After two years teaching art at the NC Women’s Correctional Institution, John Dancy-Jones took a teaching position at The Achievement School, a private remedial school for students with LD and ADHD. He earned a Master’s of Education at NCSU, specializing in the instruction of students with learning disabilities, and became a certified teacher. As his school grew, he shifted to science instruction and taught science to first through eighth grade, as well as Environmental Education at The Fletcher Academy for a total of 21 years. A highlight of that career was his presentation of a paper entitled Semantic Mapping: metacognitive strategies in content reading at the state conference of the Learning Disabilities Association.
After appearing in typical school publications at Enloe and in UNC-CH’s Cellar Door, as well as several of the zines distributed at The Paper Plant, John Dancy-Jones had a novella entitled The Suicide of Hooker Van Dusen published by Peloria Press of Raleigh in 1985. The book was begun in Greensboro and dedicated to Fred Chappell and to the memory of Randall Jarrell, whose presence seemed strong to John while he was in Greensboro. That same year the Paper Plant published Performance Poems, a collection of poems written specifically for the Thursday Night Open Readings at The Paper Plant. The first edition sold out and it was reprinted in 1988. Snapper: My Life with Snapping Turtles, came out in fall of 2001. A limited edition book physically produced by the author, Snapper featured hand-laid paper in six pulps, and 11 block prints to go with the thousand word essay. Snapper sold out in January of 2008, partly as the result of a wonderful profile in the N & O.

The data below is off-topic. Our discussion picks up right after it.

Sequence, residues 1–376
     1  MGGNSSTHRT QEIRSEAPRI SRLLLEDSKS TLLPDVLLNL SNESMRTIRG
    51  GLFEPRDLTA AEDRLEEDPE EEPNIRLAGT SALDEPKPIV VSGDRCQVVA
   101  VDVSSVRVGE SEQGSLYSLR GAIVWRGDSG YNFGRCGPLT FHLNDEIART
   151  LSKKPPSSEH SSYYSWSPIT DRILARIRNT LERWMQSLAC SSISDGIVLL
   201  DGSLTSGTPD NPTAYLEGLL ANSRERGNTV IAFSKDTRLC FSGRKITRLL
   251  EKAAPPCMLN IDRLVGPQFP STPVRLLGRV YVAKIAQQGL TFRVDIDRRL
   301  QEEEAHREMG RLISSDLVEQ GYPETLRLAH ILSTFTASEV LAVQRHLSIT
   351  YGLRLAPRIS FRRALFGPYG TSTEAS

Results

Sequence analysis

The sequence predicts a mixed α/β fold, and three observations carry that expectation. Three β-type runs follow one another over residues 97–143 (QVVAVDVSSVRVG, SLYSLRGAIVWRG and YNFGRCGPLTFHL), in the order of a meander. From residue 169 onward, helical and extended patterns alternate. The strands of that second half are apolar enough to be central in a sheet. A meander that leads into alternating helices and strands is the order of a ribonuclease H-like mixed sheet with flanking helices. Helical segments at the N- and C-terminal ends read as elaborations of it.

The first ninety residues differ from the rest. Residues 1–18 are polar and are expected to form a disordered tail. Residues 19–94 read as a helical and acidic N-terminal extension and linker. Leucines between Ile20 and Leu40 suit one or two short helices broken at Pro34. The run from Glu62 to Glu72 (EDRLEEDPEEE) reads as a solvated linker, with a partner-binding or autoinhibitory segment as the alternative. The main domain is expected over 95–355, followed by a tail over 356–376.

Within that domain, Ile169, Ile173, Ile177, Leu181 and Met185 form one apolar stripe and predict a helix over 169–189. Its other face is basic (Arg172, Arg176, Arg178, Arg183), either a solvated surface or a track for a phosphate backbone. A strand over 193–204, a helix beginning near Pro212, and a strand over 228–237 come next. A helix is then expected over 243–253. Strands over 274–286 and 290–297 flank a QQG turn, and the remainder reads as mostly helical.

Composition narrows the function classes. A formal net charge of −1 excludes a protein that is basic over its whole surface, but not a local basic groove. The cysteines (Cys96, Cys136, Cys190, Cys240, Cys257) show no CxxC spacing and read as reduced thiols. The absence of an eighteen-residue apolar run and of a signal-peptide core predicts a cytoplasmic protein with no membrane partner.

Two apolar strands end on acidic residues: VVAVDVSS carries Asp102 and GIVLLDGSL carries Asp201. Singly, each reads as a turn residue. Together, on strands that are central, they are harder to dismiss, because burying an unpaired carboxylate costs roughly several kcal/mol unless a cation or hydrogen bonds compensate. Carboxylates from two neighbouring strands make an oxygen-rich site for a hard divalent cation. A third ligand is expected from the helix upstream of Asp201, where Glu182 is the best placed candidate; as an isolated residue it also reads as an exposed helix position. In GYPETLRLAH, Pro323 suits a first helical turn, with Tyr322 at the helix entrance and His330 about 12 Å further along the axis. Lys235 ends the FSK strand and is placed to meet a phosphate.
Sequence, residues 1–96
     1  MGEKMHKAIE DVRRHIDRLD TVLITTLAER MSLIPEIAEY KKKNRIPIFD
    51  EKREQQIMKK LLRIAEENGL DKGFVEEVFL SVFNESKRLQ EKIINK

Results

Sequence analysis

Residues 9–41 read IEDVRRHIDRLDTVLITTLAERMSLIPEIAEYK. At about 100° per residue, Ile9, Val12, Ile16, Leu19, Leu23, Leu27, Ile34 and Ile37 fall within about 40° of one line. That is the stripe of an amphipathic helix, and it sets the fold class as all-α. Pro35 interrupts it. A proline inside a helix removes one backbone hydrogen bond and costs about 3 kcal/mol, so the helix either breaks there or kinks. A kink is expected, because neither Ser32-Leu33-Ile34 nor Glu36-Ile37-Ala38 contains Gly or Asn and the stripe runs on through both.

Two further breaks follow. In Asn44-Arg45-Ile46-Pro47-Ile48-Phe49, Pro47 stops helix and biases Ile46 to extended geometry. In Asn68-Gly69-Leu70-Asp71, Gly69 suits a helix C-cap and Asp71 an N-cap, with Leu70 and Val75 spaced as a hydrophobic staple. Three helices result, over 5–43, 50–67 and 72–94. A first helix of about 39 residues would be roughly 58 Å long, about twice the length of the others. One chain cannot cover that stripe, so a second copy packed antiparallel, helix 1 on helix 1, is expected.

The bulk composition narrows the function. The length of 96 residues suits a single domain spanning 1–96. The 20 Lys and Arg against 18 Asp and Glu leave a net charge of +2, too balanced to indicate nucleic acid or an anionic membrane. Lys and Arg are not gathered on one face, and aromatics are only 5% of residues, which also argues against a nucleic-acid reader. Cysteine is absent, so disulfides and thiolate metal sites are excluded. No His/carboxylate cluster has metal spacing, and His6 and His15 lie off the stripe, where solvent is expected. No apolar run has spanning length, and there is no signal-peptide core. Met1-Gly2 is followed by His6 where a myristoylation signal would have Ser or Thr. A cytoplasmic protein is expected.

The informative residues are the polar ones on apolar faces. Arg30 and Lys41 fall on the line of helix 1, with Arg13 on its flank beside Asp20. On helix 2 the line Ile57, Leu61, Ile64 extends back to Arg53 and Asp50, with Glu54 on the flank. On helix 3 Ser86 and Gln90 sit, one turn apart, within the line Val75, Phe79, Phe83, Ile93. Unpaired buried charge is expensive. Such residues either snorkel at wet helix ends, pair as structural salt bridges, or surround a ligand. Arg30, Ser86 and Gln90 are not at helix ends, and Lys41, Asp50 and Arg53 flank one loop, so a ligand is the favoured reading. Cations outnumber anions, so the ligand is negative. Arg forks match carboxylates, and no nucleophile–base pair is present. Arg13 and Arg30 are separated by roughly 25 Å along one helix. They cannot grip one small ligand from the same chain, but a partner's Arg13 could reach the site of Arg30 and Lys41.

Currently John Dancy-Jones is tutoring, gardening and cooking with Cara, transitioning to a new home in Asheville, and and blogging when the time can be found! Raleigh Nature has evolved into a book manuscript, and Raleigh Rambles focuses on Black Mountain College these days. Yet the online life is endless and bottomless. Selling books on Amazon, reviewing and just reading can be overwhelming. And here you are! Cheers to open access and the global village!